It’s striking that Dick Martin, an "icon of the swingin' sixties" died this year, the 40th anniversary of 1968, which has been marked by commemorations, reexaminations and nostalgia for the period. Around New York City the Film Forum screened Godard from the sixties and The Film Society of Lincoln Center did international programming focused on May of ‘68. I went to see several shows but not nearly as many as I would have liked. I saw Antonioni’s Zabriskie Point, finally, in incredible wide screen; avant-garde shorts including work by Bruce Baillie —I think I am now a fan—and a tiring William Klein doc that ended with a montage of mic tests that had some of the playfulness of Polly Maggoo. At a dreary, empty and freezing Mother’s day screening I saw Killed the Family, Went to the Movies, a Brazilian film, really interesting and conversely I saw towards the end of the fest, lovely, joyful, Jonah Who Will be 25 in the Year 2000. Timely but sweet, and I loved Miou Miou singing in a car “Why oh why oh why did you ever think that you could fly?”
Anyway, according to Martin’s obits, Laugh In premiered in January 1968. Considering its irreverence (which I think greatly influenced me and my peers in many ways good and bad), the mod modernity combined with the familiar vaudevillian/variety show double entendre laden format, I began to think about commercial films made in the late 60s and early 70s that appropriated, profited from and maybe even accidentally exemplified the political, youth, sexual, feminist and freedom movements, the anti war and environmental activisms, and the student-driven quest for comprehensive, cultural, political and spiritually change. How about these other films that came out in 1968? Films that might be even more reflective of the mores and desires of the time but produced for popular consumption. Just a list culled from IMDB and Master-Wiki-P (in no particular order):
Guess Who's Coming to Dinner
Gone with the Wind re-release
Bonnie and Clyde
Valley of the Dolls
The Odd Couple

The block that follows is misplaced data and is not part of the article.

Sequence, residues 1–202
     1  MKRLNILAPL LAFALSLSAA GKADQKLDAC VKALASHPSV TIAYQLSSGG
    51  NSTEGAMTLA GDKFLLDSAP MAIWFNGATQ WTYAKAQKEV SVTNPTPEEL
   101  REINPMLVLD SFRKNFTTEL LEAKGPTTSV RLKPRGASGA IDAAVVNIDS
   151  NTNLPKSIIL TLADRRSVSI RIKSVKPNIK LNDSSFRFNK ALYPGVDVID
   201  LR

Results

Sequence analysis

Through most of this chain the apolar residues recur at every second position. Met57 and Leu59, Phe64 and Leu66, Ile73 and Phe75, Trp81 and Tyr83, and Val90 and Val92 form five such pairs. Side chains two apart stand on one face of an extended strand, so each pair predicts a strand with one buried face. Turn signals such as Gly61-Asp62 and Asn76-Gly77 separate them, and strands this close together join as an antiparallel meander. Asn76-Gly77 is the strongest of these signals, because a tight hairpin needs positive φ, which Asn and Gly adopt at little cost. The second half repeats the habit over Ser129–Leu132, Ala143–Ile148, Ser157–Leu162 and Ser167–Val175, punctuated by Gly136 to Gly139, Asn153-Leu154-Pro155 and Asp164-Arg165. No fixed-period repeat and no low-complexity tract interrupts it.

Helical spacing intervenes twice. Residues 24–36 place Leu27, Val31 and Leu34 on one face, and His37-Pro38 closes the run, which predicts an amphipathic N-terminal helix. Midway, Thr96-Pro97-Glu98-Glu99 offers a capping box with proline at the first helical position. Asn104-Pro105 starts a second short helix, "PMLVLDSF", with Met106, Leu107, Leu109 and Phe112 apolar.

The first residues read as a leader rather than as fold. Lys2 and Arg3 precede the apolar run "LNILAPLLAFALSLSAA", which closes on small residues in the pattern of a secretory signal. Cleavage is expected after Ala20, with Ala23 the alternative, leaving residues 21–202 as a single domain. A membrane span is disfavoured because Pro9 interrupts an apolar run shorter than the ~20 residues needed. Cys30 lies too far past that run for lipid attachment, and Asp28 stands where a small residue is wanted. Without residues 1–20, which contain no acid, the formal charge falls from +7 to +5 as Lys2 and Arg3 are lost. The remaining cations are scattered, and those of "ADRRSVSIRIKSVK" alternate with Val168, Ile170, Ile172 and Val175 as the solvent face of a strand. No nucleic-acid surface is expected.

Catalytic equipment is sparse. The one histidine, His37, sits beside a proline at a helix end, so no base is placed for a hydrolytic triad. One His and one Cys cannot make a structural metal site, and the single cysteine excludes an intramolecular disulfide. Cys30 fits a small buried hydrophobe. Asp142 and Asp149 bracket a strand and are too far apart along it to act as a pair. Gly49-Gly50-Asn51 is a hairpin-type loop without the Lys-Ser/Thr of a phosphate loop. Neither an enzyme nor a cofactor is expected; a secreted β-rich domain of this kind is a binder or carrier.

Planet of the Apes
The Jungle Book
Yours, Mine and Ours
Where Angels Go Trouble Follows
Head…the list goes on and on as I will later…maybe!
Take a look back at the last post--I've put up an improved version of the RW short. When I've shown the video invariably I'm asked, "Why Richard Widmark?" This clip (despite very bad audio) shows why. And if you have a few hours you can peruse all the fan tributes that have turned up on you tube since he passed.
This is a short I made in 2004 about my mother’s (and now my own) favorite actor, Richard Widmark. Mom had odd favorite films and stars (more about them later). She always talked about “Robert Mitchum, you know it’s that movie where he's trying to kill the little children and terrorizes a little old lady" or gleefully, “you know that movie where that terrible man kept a woman’s head in a hat box and terrorized a little old lady in a wheelchair” or “that movie, you know, where he pushes the old lady’s wheelchair down the stairs!”
I became fascinated with the actor after attending a retrospective of his films at the Film Society of Lincoln Center (to celebrate mom's birthday) in May 2001. I attended the opening night screening of Pick Up On South Street where Widmark made an appearance—at that time he was in his 80s and he was very spry and charming. Widmark died earlier this spring. I’ve been thinking about him and my mother a lot.
Happy Birthday Ina Sr. wherever you may be! Perhaps you and RW have finally met.
I was sorry and surprised to hear about Sidney Pollack's death this morning. I like many of his films, sometimes if only for sentimental reasons (Out of Africa), and I really enjoy him as an actor. I saw him speak at the New School in the fall I think it was--it was a fairly large room but he managed to make it seem like he was speaking directly to each person in the room. He really utilized both his training as an acting coach and his authority as a director (instructing the sound tech when his mic was giving feedback). He was also a very charming raconteur. So much so that to everyone's chagrin a woman sitting near me closed the Q&A by asking him for a date! --the whole time I thought it was me he was making eye contact with-- Anyway, the moderator and the audience were flabbergasted but Pollack was suave and said simply that it was his policy not to accept scripts or dates unsolicited and thanked her kindly. His stories about NY and the acting, television and burgeoning independent film scenes of the city in the late '50s and '60/70s were fascinating. I sought out films I otherwise would have skipped like 3 Days of the Condor (especially because I'm not a Redford fan) because of the way the film are set in and related to the city.
Oh yeah, did I mention he was really handsome!
This is a sweet little animation from the Max Fleischer studio which demonstrates the Western Electric process of sound synchronization and theatrical amplification. The main characters are two rolls of film named Talkie and Mutie. The short features beautiful diagrams of the sound on film process as well as some of the surreal nuttiness familiar from Fleischer's Betty Boop, Koko and Bimbo --"B-I-M-B-O!"-- cartoons.
I think we can all relate to Mutie's struggle to "Find His Voice". Well, anyway I sure do!